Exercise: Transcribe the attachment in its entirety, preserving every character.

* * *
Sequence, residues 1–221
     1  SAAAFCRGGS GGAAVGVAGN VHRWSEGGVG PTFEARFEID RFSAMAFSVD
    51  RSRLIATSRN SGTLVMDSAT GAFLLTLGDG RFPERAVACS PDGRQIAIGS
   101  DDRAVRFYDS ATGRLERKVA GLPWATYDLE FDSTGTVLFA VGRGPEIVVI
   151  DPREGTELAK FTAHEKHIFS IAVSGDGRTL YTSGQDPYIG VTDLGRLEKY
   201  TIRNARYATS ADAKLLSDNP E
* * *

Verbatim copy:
Sequence, residues 1–221
     1  SAAAFCRGGS GGAAVGVAGN VHRWSEGGVG PTFEARFEID RFSAMAFSVD
    51  RSRLIATSRN SGTLVMDSAT GAFLLTLGDG RFPERAVACS PDGRQIAIGS
   101  DDRAVRFYDS ATGRLERKVA GLPWATYDLE FDSTGTVLFA VGRGPEIVVI
   151  DPREGTELAK FTAHEKHIFS IAVSGDGRTL YTSGQDPYIG VTDLGRLEKY
   201  TIRNARYATS ADAKLLSDNP E